High sun protection factor?
The intervention that has attracted most media attention is the recommendation to use sunscreen with a high SPF. However, studies that are not randomised and double-blind have a risk of selection bias. There has been only one randomised clinical interventional trial on whether sunscreen can protect against skin cancer (the Nambour Skin Cancer Prevention Trial). This was an open study in which half the participants were given free SPF 16 sunscreen along with instructions to apply it to the head, neck, arms and hands every day, while the other half received no specific intervention and presumably continued as before. Half of the participants were also independently randomised to take beta-carotene or placebo. The study tested the effect on keratinocyte carcinomas only, and the results showed that neither sunscreen nor beta-carotene had any effect on these cancers (17). However, a follow-up study was subsequently conducted that also included malignant melanoma, and this study found an almost significant (p = 0.051) reduction of malignant melanoma in the sunscreen group (11 of 812 versus 22 of 809) (18). A new endpoint was thus added after the study had been completed, which is not good practice. No change in melanoma-related mortality was detected, but the follow-up time was too short to see any long-term effects.
Sunscreen may lead to more time in the sun
A Norwegian cohort study (19) of women over the age of 40 used Cox regression to investigate the association between use of sunscreen and risk of malignant melanoma. In a model that included hair colour, freckles, UV radiation in region of residence, and the results of follow-up questionnaires, there was no significant difference between those who used high SPF sunscreen and those who used no sunscreen at all. The authors’ explanation was that the latter group comprised participants who were less exposed to UV radiation.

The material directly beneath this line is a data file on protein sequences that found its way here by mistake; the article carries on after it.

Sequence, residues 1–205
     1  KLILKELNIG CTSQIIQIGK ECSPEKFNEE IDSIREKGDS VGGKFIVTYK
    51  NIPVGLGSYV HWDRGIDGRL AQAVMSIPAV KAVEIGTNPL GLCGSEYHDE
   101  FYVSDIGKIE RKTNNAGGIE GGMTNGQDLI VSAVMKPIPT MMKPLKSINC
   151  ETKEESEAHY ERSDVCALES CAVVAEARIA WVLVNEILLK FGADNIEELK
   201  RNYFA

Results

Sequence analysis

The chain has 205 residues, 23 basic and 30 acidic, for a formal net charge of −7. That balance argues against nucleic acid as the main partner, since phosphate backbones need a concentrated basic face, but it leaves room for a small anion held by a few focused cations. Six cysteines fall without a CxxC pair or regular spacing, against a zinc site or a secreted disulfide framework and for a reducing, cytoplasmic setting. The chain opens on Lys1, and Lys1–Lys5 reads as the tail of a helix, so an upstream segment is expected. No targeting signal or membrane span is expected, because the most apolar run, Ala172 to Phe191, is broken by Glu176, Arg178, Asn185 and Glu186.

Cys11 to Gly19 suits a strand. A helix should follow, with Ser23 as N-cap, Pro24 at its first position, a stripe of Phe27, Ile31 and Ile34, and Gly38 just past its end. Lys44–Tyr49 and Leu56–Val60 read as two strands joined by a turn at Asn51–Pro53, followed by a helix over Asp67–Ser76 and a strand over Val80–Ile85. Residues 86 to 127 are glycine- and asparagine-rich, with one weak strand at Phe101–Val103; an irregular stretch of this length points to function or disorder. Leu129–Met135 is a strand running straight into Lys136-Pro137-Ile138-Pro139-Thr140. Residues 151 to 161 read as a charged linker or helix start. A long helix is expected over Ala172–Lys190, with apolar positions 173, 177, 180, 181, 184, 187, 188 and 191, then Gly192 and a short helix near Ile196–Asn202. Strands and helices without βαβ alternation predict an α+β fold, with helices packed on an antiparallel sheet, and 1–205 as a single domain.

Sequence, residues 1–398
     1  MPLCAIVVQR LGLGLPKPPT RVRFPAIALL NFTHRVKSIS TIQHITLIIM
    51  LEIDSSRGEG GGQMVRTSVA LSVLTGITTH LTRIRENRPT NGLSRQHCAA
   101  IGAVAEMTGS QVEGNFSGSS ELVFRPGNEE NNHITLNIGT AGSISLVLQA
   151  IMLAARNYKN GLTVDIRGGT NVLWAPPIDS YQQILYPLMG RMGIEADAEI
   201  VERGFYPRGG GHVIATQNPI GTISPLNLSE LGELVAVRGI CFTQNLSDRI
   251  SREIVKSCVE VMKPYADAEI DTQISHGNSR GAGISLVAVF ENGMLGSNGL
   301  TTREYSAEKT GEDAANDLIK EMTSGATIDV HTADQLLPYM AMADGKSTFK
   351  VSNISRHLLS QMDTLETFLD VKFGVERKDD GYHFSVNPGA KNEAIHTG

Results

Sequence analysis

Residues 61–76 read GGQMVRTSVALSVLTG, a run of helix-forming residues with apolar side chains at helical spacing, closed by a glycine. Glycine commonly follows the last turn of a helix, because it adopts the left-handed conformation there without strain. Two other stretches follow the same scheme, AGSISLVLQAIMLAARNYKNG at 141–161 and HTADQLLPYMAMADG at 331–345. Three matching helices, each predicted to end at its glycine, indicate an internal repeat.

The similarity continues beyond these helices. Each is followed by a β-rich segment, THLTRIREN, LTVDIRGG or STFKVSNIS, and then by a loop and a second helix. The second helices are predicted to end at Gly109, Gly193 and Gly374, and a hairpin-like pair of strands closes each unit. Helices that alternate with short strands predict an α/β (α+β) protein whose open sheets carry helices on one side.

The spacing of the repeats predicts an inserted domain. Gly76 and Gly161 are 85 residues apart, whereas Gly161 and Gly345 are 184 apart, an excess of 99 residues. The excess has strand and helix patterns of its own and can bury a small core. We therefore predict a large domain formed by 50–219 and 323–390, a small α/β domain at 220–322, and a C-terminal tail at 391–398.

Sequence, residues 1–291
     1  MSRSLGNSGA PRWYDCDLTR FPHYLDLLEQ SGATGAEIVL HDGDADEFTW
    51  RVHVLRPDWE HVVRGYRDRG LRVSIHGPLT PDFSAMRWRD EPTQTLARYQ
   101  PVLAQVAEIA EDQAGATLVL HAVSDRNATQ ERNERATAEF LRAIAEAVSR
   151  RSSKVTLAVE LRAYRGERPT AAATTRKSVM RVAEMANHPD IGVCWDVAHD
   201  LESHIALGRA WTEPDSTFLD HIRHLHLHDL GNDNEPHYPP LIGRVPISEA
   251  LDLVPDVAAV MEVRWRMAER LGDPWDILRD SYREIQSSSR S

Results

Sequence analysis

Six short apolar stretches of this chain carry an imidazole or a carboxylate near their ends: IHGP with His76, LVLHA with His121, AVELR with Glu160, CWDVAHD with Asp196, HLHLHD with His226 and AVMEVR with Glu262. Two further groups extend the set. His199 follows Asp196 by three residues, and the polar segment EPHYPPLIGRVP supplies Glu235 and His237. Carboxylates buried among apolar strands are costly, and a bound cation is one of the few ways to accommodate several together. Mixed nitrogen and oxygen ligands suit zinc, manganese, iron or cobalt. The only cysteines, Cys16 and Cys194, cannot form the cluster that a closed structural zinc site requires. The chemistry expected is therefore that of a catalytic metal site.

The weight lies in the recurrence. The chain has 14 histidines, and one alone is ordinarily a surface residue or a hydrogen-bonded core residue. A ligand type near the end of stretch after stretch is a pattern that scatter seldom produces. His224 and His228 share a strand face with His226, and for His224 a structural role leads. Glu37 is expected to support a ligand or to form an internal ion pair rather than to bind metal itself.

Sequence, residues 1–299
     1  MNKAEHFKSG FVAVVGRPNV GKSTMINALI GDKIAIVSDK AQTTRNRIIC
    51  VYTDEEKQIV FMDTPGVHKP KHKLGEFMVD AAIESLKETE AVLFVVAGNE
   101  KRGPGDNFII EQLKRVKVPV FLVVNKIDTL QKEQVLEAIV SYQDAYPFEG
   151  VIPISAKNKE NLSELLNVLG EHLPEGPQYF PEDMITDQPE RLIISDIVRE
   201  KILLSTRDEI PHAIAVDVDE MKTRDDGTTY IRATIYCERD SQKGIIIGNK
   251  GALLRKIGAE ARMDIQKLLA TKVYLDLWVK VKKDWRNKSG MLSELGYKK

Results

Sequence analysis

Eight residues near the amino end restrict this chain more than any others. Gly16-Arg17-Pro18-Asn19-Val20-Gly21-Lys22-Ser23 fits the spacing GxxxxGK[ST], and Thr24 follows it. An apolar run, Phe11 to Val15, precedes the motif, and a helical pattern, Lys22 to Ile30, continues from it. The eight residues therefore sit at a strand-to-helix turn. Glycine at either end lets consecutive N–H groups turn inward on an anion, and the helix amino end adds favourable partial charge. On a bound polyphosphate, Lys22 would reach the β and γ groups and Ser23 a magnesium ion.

We simply do not know whether sunscreen can increase or decrease the incidence and mortality of malignant melanoma
Some previous analyses have found a positive association between malignant melanoma and the use of sun-protection creams, i.e. that the use of sunscreen increases the risk of malignant melanoma, but recent meta-analyses find no such association (20, 21). We simply do not know whether sunscreen can increase or decrease the incidence and mortality of malignant melanoma. It is hard to imagine that sunscreen per se can cause malignant melanoma, but if people use sunscreen to enable them to stay in the sun longer rather than to reduce their UV exposure, that could explain the previous findings. In a French randomised double-blind placebo-controlled trial, one group of participants was given SPF 30 and another SPF 10. There proved to be no difference between the two groups in the number of cases of sunburn, but those who received SPF 30 sunbathed far longer than those who received SPF 10 (22).
Questions have been raised about whether sunscreen may be harmful. In the Norwegian Consumer Council’s sunscreen test in 2017, 37 of the 45 sunscreens tested were found to be either environmentally damaging, allergenic or to cause hormone imbalances (23).
Vitamin D and sun